‘Chaos At Carnegie Hall’ is a delightful cosy mystery, with excellent historical detail. It is exactly the type of read to lighten the mood.

I was given this ARC to review.

Review of ‘Only Human’ by Audrey Wilson

Everyone has crushes, don’t they? But not like Leece Dresden. Just one look at supermarket worker, Frankie, changes her forever. Leece’s life is a mystery to her, as she can’t remember anything from before her nineteenth birthday. None of that matters though. Frankie becomes her everything and she’ll do anything to keep that wonderful feeling whenever she is in her presence. When memories of her past start to seep through she must find out what it all means. But will that jeopardise her relationship with Frankie?

‘Only Human’ was an intriguing story and kept me reading, as I needed to find out the true story behind Leece’s past. I felt invested in the relationship between Leece and Frankie and wanted it to work.

‘Only Human’ is an intriguing story – satisfying surprising and with heart. I couldn’t stop reading. I enjoyed it.

I was given this ARC for review.

Review of ‘The Empire’ by Michael Ball

It’s 1922 and Jack Treadwell Finds himself entranced by the glamorous world of the theatre. On the surface all is well, but tensions and secrets lie beneath the glitz of The Empire. Getting a job there is the dream he didn’t realise he had. Beautiful stars and behind the scenes rivalries draw him in and he finds himself with a chance of a great future – and the love of a wonderful woman. 

Michael Ball sets the scene well. His writing is cinematic and I can easily  imagine the story being filmed. I found the whole world of the theatre enthralling. I was interested in what went on in putting on a show. 

It was a good story with interesting characters, and had a very different setting – one that I hadn’t read before. I loved the characters, especially Jack, Grace, Lillian and Agnes . There was a charming camaraderie and ultimately a feel good factor. I loved it .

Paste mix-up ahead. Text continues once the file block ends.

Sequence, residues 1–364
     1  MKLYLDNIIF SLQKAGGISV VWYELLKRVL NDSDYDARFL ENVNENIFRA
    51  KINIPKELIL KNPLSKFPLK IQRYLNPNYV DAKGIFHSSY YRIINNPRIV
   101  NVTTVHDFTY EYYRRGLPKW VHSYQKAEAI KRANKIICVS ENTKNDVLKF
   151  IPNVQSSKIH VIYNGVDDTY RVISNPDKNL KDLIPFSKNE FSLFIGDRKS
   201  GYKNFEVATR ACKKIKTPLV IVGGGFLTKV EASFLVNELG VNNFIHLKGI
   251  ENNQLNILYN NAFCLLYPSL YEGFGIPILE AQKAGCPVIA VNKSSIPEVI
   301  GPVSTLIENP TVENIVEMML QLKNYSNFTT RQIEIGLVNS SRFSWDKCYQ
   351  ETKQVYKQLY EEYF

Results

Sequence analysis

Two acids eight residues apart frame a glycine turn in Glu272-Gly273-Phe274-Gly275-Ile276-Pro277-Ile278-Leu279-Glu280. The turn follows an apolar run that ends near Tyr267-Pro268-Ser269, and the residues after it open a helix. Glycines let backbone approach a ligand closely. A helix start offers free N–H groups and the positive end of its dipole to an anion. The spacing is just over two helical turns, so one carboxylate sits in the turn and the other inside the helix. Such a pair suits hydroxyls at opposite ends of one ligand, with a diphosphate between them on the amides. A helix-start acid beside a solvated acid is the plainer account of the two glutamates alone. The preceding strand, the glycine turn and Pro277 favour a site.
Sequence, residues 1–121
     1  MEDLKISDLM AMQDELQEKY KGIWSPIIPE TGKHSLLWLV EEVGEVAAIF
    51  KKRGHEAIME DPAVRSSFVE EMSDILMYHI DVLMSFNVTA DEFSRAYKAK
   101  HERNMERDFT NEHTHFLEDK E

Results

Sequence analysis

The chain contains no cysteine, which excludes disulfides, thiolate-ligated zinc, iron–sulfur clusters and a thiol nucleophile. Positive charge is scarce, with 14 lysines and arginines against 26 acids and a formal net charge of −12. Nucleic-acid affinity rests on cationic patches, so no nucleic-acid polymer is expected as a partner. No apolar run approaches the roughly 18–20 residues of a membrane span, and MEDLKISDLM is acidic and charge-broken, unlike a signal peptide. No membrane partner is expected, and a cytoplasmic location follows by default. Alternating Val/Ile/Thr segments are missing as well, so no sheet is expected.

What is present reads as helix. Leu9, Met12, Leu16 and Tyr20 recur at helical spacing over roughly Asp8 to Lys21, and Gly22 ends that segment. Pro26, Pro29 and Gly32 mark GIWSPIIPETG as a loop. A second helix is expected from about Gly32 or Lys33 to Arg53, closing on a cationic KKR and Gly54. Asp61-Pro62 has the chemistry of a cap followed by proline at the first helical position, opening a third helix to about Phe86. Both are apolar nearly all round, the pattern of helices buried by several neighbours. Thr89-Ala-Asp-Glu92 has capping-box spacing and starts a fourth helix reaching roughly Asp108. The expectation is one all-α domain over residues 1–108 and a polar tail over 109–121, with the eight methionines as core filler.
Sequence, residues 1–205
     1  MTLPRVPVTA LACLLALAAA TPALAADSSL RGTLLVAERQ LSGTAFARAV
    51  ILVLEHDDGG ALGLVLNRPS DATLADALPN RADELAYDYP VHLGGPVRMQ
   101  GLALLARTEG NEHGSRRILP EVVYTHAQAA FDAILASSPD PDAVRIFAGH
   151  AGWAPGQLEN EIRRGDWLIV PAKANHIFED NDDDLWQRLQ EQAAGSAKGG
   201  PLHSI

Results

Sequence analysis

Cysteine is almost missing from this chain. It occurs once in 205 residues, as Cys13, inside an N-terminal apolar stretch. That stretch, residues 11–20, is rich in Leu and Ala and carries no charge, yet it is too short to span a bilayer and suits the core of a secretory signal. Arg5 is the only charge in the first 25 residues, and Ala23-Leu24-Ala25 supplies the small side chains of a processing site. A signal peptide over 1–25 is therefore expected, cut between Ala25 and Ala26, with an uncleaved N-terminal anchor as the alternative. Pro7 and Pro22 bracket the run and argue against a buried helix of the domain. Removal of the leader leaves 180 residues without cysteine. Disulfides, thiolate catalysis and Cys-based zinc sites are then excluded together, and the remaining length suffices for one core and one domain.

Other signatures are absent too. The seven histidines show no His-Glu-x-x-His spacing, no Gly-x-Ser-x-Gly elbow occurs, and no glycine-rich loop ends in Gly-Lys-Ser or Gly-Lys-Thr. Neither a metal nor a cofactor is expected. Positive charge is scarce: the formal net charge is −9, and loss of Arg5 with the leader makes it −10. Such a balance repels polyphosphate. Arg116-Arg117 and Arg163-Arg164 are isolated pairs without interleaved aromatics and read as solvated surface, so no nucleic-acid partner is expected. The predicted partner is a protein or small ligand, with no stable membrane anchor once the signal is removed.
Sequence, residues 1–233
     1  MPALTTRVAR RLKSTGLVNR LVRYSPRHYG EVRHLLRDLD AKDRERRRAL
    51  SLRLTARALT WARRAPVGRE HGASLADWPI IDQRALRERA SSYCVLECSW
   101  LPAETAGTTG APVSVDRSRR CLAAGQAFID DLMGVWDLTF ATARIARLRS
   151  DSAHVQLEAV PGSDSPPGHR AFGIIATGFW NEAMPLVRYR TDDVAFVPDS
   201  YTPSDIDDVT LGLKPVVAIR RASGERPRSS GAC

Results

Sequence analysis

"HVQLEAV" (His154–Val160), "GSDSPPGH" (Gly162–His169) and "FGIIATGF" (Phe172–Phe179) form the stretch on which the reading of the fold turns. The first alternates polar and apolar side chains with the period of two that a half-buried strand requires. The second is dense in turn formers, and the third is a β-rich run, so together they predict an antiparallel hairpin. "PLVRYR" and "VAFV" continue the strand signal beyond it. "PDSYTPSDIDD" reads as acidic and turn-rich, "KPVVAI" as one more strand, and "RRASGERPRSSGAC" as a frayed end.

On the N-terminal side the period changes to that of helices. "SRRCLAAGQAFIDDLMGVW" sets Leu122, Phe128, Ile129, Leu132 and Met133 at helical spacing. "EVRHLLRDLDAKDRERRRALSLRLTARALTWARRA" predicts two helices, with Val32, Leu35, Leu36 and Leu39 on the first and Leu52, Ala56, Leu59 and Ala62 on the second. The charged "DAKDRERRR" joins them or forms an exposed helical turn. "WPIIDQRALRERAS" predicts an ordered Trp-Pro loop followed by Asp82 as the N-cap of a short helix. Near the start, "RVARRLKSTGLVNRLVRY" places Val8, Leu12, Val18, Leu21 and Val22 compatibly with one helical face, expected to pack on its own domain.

I was given this ARC for review.

Review of ‘How To Write A Winning Fiction Book Outline – Crime Workbook’ by Hackney And Jones

If you are interested in writing crime fiction – and doing it well – then this is the workbook for you. I’ve wanted to write a crime novel for a long time, but couldn’t see how to bring all of the elements together. I would start with an idea, but failed to get to the finishing line. This workbook has changed that for me.

Hackney and Jones have used their considerable experience as novelists to compile a workbook that will take you from that seed of an idea, to a novel that is ready to be published. They even show you how to find editors and cover designers and how to write that all important blurb.

I learned how to structure each chapter, how to flesh out characters, and how to plot a compelling story that readers will want to devour. They also showed me what works in the crime genre and what definitely does not. They show what the best-selling crime books contain and how to tailor your own story to the market.

I found it compelling and the best writing workbook I’ve tried.

Review of ‘Agatha Christie – A Very Elusive Woman’ by Lucy Worsley

As a huge admirer of the works of Agatha Christie, I have been eagerly awaiting the publication of ‘Agatha Christie- A Very Elusive Woman’ by Lucy Worsley. 

Telling the story of Agatha’s life, from her early years with an education-averse mother, to Dame Agatha, the most read female writer ever. 

Lucy Worsley has a very engaging style. Bringing together research from the Christie archives, as well as contemporary accounts and Agatha’s own words, she paints a picture of a fascinating woman. Whatever your preconceived ideas may be of Mrs Christie, this book gives a chance to reconsider. As expected the disappearance in 1926 is discussed fully, but unlike many commentators at the time and since, Lucy Worsley delves into the subject with an open mind. I found her conclusions convincing and thoughtful.